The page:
month; cf. Av. Vanhəˊuš Manaŋhō, lit. “(day) of Vohu
ʾzmwxtwγ (Mug), zmwxtwγ (Man.), the twenty-eighth
day of the month; cf. Av. Zəmō huδåŋho, lit. “(day) of
the beneficent earth”
(ʾ)zrwʾ (Buddh. > Old Turkish Äzrua), name applied to the
Indian god Brahma,
(ʾ)zrwʾ βγyy (Man.), name of the highest god in the
Manichean pantheon (see cosmogony and
cosmology ii. manichean); cf. Av. Zruuan
(Sundermann, pp. 101, 124; Asmussen, pp. 130-39)
βγnrtw “lord of the temple” (Mug); See bagina,
δtš/mzyxδtšš (Mug), ʾʾš δšcyy(-yḫ or δyšcyy/δšcyy or
δyšcy (Man.), and dtšy rwc (Chr., in an unpublished
text; Sims-Williams, personal communication), the
eighth or fifteenth day of the month; cf. Av. Daθušō
Ahurahe, lit. “(day) of the creator, Ahura Mazdā”
δyn (Man.), name for the soul of the dead, which meets the
departed in the shape of a maiden; cf. Av. daēnā
(Henning, 1945, pp. 476-77; see dēn)
δynʾk (Mug), the twenty-fourth day of the month; cf. Av.
Daēnaiiå, lit. “(day) of the religion”
δynmztʾyzn βγyy (Man.), referring to the Great Nous, lit.
“god of the Mazdean religion”; cf. Av. daēnā
māzdaiiasnisˊ, Pahl. dēn mazdēsn (Sundemmann, pp. 103, 132)
δyw (Buddh., Man.) “demon, devil”; cf. Av. daēuu
frwrt (Man.), the nineteenth day of the month; cf. Av.
Frauuašinąm, lit. “(day) of the frauuaṧis (guardian
spirits)”; in Manichean texts the name ʾrtʾw frwrtyy, lit. “the guardian spirit (or profession of the righteous),” referred to Ether, the first son of the First Man; cf. Av. narš aṧaonō frauuaṧīm “the frauuaṧi of the righteous man” (AirWb., cols. 992-94), frauuar- “to profess the faith” (Sundermann, pp. 101, 125-26)
γntrw (Man.), name of a mythical being, < Av.
gandaraəβa (Henning, 1945, p. 481 l. 32, cf. p. 482 n. 3;
reference kindly supplied by Sims-Williams); wpʾp γntrw (Buddh.), a mythical creature, < Av. upāpa gandarəβa “the gandarəβa under the water,” mentioned in a text about the magical properties of stones, in a list of monsters to be drawn in preparing a certain charm, the others being drawn from Indian mythology (Benveniste, p. 65 text P3.131; Gershevitch, p. 13)
γwš (Mug, Man.), the fourteenth day of the month; cf. Av.
Gəˊuš, lit. “(day) of the ox or cow”
mʾxy (Mug), mʾx (Man.), the twelfth day of the month;
cf. Av. Måŋhahe, lit. “(day) of the moon”
mnspnt (Mug), mnspnd (Man.), the twenty-ninth day of
the month; cf. Av. Mąθrahe spəntahe, lit. “(day) of the
prosperous (or holy) word”
mrδʾspnd (Man.), the five sons of the First Man; cf. Av.
aməṧa spənta, Man. Mid. Pers. mhrspndʾn
(Sundermann, pp. 101, 125)
mrtʾt (Mug, Man.), the seventh day of the month; cf. Av.
Amərətātō, lit. “(day) of Amərətāt (immortality)”
mrtynh (Man.), the first woman, Eve < *m(a)rtyānī; cf.
Pahl. Mašyānag, Man. Mid. Pers. Mwrdyʾng (Hennning, 1944, pp. 138, 140 and n. 4; Sundermann, p.
mwγ “Magus,” mwγptw “chief of the Magi,” and mwγzt
“murder of the Magi” (all Man.; Henning, 1944, pp.
135-36; Ragoza, p. 47; for mwγptw cf. mγ’yβ (Budd.), which must have been borrowed from Parth. magbed
(Henning, 1940, p. 22)
myšyy βγy (Buddh., Mug, Man.), the sun god < Av. Miθra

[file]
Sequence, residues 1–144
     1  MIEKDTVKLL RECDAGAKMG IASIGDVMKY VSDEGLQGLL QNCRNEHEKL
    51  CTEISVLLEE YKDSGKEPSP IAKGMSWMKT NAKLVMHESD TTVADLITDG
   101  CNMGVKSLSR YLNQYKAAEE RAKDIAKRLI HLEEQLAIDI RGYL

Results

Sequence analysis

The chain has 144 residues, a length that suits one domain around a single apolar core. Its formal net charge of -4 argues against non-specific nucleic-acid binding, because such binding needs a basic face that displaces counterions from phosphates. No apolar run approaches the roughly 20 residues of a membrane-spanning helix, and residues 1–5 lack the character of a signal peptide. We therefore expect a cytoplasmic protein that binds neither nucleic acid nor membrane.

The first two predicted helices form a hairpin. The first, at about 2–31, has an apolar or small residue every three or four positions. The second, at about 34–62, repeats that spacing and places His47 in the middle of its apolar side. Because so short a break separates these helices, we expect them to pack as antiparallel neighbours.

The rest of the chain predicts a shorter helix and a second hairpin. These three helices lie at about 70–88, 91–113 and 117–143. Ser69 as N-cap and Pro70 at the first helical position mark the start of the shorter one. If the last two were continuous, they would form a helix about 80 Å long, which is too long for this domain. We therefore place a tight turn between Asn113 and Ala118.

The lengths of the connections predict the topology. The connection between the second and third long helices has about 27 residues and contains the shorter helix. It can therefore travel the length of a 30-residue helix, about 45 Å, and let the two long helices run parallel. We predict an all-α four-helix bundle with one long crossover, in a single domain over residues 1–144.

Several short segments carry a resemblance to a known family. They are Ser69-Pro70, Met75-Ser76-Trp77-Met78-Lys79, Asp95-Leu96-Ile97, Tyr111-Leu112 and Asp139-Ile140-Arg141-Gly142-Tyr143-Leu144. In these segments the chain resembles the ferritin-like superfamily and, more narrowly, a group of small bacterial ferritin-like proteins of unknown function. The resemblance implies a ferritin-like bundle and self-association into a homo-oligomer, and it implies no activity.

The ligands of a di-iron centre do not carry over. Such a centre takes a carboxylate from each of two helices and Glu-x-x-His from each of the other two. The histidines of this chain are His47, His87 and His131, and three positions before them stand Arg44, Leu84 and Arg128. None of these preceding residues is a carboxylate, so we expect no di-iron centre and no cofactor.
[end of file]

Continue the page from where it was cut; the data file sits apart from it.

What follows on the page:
(Sundermann, pp. 101, 128)
nryšnx βγy, referring to the Third Messenger; cf. Av.
Nairiō.saŋha (also Nrʾysβ yzδ < Parth. Narēsaf-yazd;
Sundermann, pp. 101, 127)
rʾm (Mug, Man.), the twenty-first day of the month; cf.
Av. Rāmanō, lit. “(day) of Raman”
rwxšnʾγrδmn (Man.), the Manichean paradise; cf. Av.
raoxšna garō dəmāna “the light paradise,” lit. “house of
welcome or praise” (Henning, 1948, pp. 307-08)
srʾwš (Mug), srwš (Man.), the seventeenth day of the
month; cf. Av. Sraošahe, lit. “(day) of Sraoša”
srwšrt βγyy (Man.), referring to the Column of Glory; cf.
Av. Sraoša aṧiia (Sundermann, pp. 101, 128)
wšγnʾḫ (Man.), the twentieth day of the month; cf. Av.
Vərəθraγnahe, lit. “(day) of Vərəθraγna (god of victory)”; in Manichean texts the name wšγnyy βγyy
< AV. Vərəθraγna is applied to Adamas, third son of
the Living Spirit (Sundermann, pp. 101, 127; see also
wštmʾx (Man.) “paradise” (lit. “best existence”); cf. AV.
vahištəm ahūm (e.g., Henning, 1936, p. 51)
wyšprkr (Buddh., Man.), name applied to the Indian god
Siva and the Manichean Living Spirit; cf. AV. vāiiuš
uparō.kairiia, lit. “Vāiiu, whose work is above” (e.g., Vessantara-jātaka, Benveniste, ed., 1946, pp 57-59;
Benveniste, ed., 1940, p. 107, text 8.42; Sundermann, pp. 101, 126 n. 161 with refs.; Humbach, pp. 402-08)
xwr (Mug, Man.), the eleventh day of the month, cf. AV.
Huuarəxšaētahe, lit. “(day) of the sun”
xwrmztʾ-βγ, see (ʾ)xwrmzt, above
zʾmʾspw “Jāmāsp”; cf. AV. Jāmāspa, Pahl., Pers. Zāmāsp
(Henning, 1944, pp. 138, 141)
zrwšč, ʾzrʾwšcw “Zarathustra” < AV. Zaraθuštra; cf.
ʾsptk ʾrtʾw zrwšč “the righteous Spitama Zarathustra” < AV. *Spitaman aṧauuan (< *artāṷan-) Zaraθuštra (Sims-Williams, pp. 46-48)
dyūva “demon,” referring to Indian bhūta, a class of
demons; cf. OPers. daiva, AV. daēuua
gyasta (pronounced ǰasta) “god”; cf. AV. yazata “god,
one worthy of being worshiped”; the expected form in
Khotanese would be *gyaysda, which was probably influenced phonetically by gyasta “cleaned, purified”; the regular form may be found in the Tumshuqese
jezdaṃpura@ “son of gods”
gyaysna (pronounced ǰazna) “worship” < AV. Yasna
Śśandrāmatā, name for the Indian goddess of luck and prosperity, Śrī-; cf. AV. spəntā ārmatī, lit. “prosperous (holy) right-mindedness,” the aməša spənta (q.v.) in charge of the earth. The earth itself is śśandā < *ćṷantā-kā, lit. “the prosperous one,” originally an adjective qualifying a word for earth, cf. AV. zam- “earth”; ysamaśśandai (pronounced zamašandai) “the world” is from *zama *ćṷantā-kā, lit. “the prosperous earth” (see also Man. Sogd. ʾsp(ʾ)nt(ʾ)rmt, above)
urmaysde (pronounced urmazde) “sun”; cf. OPers.
Auramazdā, AV. Ahuramazdāh
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(Victor Mair and Prods Oktor Skjærvø)
Originally Published: December 15, 1991
Last Updated: October 17, 2011
This article is available in print.
Vol. V, Fasc. 5, pp. 463-471